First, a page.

Most of us start Dharma practice because we feel that we are not happy with our lives. There may be some specific thing that’s happened, such as the death of a loved one or some other seismic event. Or we may be experiencing a more general malaise, such as an unfulfilling job or a difficult family life. We come to practice as a way to, and with the hope of, ameliorating these woes. We cultivate mindfulness of our thoughts, speech and actions and begin to see the ways in which we contribute to our unhappiness. This allows ourselves to think, say and do things that are more conducive to our happiness. This is wholesome and we benefit from it in the form of greater happiness in our lives.
Yet, as time goes by, there is still a nagging sense that something is not quite right. We’re not completely happy. At this point, it’s common for people to begin to question the practice–and even stop practicing altogether--so they can pursue the next thing that is going to bring the promise of fulfillment. Of course, it’s not the practice that is the problem, it’s how we are approaching the practice. That is, we are practicing within the paradigm of making ourselves (emphasis on the self) happy. In fact, complete happiness, total fulfillment, however one wants to name it, only comes when we move beyond the sense of self and the accompanying angst, fear and sense of separation.
To do this we need to shift our emphasis on practicing to feel good, to practicing to understand–understanding that our most essential nature is a bright, open and loving awareness that is independent of any “self” having that experience. It’s an awareness that doesn’t need any experience in the outer world to be fulfilled. The experience of a bright, open and loving awareness is the fulfillment. You could say it is fulfilled by itself.
This all sounds good and lovely, but how do we get there? We don’t! Trying to get someplace is still a subtle form of self-improvement. Trying to get anywhere in practice is heading in the wrong direction. Our practice needs to change from driving forward toward a goal, to opening and letting go into the present moment. How to do that? I suggest beginning with the body. If you want the Citta (heart, mind) to let go, soften and relax the body. That is, let go of holding in the body. If you want the Citta to open, open the body. Work with the posture so that the front of the torso feels more open. Adjust the head so that the throat area feels open. Continue to relax. This will encourage the body, and therefore the Citta, to open. The Citta and the body are very sympathetic to one another.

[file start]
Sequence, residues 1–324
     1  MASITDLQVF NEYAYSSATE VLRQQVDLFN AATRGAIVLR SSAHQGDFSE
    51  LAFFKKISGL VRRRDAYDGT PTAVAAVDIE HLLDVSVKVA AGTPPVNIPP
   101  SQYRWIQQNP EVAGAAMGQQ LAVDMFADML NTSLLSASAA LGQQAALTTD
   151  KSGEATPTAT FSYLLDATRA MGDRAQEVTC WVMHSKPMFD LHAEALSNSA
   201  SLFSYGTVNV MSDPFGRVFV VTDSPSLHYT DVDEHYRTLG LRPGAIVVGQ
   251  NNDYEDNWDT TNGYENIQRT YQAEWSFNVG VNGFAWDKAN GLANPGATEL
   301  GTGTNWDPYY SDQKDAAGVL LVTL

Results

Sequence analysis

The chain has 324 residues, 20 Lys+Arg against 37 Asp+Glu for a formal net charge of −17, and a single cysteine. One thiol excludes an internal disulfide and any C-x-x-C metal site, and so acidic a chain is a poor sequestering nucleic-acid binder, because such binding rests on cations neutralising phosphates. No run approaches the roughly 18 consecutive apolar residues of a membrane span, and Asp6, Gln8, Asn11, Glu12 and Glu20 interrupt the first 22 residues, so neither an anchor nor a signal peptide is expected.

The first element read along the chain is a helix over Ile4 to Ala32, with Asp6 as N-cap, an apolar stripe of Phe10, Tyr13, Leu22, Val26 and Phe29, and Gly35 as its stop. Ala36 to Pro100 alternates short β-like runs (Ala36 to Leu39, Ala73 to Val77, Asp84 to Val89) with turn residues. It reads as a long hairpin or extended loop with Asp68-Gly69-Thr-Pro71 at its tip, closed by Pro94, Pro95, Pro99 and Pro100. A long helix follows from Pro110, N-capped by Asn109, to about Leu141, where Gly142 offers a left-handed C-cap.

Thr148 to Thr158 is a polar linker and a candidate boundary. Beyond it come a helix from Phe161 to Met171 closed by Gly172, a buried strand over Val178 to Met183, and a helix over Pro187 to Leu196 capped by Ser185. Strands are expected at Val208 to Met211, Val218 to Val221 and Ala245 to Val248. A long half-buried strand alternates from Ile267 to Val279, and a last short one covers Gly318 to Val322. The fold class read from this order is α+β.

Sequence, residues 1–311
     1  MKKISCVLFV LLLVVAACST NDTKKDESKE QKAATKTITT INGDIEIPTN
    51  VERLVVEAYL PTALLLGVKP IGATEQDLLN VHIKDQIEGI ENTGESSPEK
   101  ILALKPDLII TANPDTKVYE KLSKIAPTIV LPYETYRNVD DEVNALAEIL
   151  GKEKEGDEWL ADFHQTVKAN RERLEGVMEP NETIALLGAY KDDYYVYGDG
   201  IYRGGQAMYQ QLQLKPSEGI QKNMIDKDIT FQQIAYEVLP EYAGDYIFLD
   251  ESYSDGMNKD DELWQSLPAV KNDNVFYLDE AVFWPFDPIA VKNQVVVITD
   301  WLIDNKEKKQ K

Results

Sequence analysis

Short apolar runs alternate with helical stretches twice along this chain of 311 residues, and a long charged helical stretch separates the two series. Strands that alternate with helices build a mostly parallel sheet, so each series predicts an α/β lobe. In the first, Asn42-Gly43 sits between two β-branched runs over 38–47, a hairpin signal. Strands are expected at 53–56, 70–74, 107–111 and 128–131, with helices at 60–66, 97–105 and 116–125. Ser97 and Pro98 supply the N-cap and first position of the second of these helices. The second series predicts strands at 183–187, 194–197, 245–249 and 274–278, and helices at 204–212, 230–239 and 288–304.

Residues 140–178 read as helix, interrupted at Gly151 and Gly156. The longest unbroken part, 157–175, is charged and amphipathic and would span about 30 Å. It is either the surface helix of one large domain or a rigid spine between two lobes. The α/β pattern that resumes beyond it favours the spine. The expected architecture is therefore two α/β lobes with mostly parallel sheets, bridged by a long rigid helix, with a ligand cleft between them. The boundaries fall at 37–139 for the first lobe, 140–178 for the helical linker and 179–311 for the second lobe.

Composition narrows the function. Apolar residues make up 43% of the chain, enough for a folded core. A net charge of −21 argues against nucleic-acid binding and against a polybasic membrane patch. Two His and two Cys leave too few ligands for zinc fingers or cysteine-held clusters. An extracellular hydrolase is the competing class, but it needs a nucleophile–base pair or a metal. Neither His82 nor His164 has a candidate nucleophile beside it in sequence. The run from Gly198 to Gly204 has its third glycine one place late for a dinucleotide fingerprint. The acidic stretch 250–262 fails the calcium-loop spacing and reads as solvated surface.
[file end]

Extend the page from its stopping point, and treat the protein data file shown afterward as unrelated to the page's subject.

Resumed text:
How we meditate needs to shift from solely trying to pay attention to a single object–and particularly, a small, discrete object–to a more open, soft awareness. Discrete objects, such as an anchor, can still be used, it’s just that meditation can benefit at times from a larger framework. A good place to start is with the whole body. We experience the somatic presence of whole body sitting and whole body breathing. In this way we are aware in a soft, open manner. We’re not driving forward and trying to get somewhere, we’re just softening and opening the body and softening and opening our awareness.
Eventually, we don’t focus our awareness on anything in particular–not even the body. The body is present, and can be known, but we’re not aiming our attention toward it. For it’s not what we are noticing that is important, but that we are noticing, and the quality/experience of that which is noticing. (Read that last sentence again and let it sink in and register). In this way we can begin to experience the essential nature of our Citta, which is open, relaxed and knowing. This becomes what we connect with during meditation, not a particular object. We move beyond the self with its goal-oriented approach. Letting go of that, we begin to experience something far more expansive, loving and easeful.